Feet

Think twice before using cushioning

A lot of our patients request us to make insoles with “extra” cushioning or insoles that are ultra soft as they perceive them to protect the foot and provide comfort. And not just with our patients, it’s common perception when we go to a shoe store that we want footwear that has a highly cushioned foot bed. A lot of runners feel that they are protected from injuries if they use expensive shoes with high levels of cushion.

Today, we will shed some light on the importance of cushioning under the plantar surface or the sole of your foot. The human foot has natural cushioning on the sole in the form of fat pad. This fat pad gets worn out for a lot of people with time due to reasons like ill-fitting or ill-designed footwear, walking or running on hard surfaces, aging and related wear and tear, diabetic foot neuropathy, etc. When this fat pad under the heels and the metatarsal heads (the ball of the foot region) gets worn out, it is important to compensate for the same by using artificial cushioning in your footwear in order to protect the bones, tissues, ligaments and nerve endings of your feet from getting damaged on impact with the ground.

However, when the fat pad is intact or adequate, there’s no need to use excessive cushioning in your footwear. It can cause you more damage than you might realize. Too much cushioning between your feet and the ground reduces the proprioceptive function of the foot. The sole of your foot has thousands of nerve endings which sense the ground or the terrain and send signals to the brain that send signals back to the foot so that it can manouver efficiently over the ground without getting injured. This function of the foot is called proprioception and it’s these signals sensed by the nerve endings and send to the brain that help the foot act as a stabilizer, shock absorber, booster and providing balance to the body. With excessive cushioning, the nerve endings cannot sense the ground level signals and they start losing their functionality over a period of time.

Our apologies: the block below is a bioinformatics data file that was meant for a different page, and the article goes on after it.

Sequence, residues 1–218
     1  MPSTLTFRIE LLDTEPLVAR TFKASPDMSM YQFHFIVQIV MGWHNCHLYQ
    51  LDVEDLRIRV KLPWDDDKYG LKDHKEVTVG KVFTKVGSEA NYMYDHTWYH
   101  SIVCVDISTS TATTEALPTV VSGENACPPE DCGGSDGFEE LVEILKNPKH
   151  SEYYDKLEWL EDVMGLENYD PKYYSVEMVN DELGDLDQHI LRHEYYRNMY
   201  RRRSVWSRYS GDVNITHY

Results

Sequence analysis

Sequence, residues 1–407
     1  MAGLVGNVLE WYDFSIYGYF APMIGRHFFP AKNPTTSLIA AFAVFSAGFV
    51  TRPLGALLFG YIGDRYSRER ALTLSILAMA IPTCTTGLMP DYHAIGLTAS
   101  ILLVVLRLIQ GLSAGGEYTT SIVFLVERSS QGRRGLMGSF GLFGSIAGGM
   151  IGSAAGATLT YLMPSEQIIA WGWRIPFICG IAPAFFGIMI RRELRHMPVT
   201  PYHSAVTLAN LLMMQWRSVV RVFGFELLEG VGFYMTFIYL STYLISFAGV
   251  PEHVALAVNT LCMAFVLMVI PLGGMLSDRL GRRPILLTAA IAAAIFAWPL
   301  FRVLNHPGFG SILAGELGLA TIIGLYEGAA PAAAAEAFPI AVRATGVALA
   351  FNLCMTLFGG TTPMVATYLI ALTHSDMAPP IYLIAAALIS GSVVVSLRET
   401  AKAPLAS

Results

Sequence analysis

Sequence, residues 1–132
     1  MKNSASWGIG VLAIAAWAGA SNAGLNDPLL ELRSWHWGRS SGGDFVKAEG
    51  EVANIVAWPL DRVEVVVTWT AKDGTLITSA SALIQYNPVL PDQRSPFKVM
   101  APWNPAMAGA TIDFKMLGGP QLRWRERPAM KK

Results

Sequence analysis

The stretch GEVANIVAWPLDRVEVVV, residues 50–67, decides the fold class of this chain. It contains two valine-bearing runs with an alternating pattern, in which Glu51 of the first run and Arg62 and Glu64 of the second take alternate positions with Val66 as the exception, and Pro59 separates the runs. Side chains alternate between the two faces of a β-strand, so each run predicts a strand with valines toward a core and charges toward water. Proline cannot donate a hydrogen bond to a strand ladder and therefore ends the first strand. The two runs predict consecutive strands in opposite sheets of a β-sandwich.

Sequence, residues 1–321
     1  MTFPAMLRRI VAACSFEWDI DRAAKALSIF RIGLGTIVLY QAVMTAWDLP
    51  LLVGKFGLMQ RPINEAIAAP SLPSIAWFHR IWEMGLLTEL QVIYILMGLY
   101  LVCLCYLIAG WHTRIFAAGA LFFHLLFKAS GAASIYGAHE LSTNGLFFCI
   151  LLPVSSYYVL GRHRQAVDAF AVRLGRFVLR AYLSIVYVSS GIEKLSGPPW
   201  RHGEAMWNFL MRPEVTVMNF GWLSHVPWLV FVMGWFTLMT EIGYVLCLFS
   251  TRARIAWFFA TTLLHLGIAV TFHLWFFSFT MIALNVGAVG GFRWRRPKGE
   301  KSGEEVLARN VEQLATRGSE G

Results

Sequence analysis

We had a patient who visited us and insisted on silicon insoles as he’d been advised by his doctor to use only these. He had severe pain from plantar fasciitis and on evaluation, his fat pad was intact. We advised him to get custom insoles made to change his foot mechanics but he left since he wanted to silicon insoles only. After six months, he visited again. He said he purchased silicon insoles from the market and they didn’t make any difference to the pain. On the contrary, he started getting numbness in the soles of his feet. We made him a pair of orthotics, custom designed for his complaint, and he had relief from pain in less than three weeks. Also, his numbness disappeared as well within a month of discarding his silicon insoles.

There are several researches documented on many running websites that have proved that having increased cushioning in your footwear does not reduce the risk of injury. That’s why, cushioning should be used judiciously, with a lot of discretion, on a case to case basis. At Podiapro, we pride ourselves with the range of technical materials in our repository. For cushioning, on a case to case basis, we use different materials for eg. most of our sports insoles have Noene, a patented Swiss rubber that is not a cushion, but a highly effective shock absorber. This reduces the peak plantar pressure on the sole of your foot. Next, for those sports people that have reduced fat pad, the Sidas proprietory Podiane + is highly effective cushion that also provides shock absorption. For patients having diabetic feet complaints, we use a diabetic grade poron to provide cushioning and for those who have heel pain but are not actively into sports, Poron XRD has proved to be very useful.

So the next time you are tempted to buy a pair of ultra soft and highly cushioned footwear, think again if you really need them.

Rushabh

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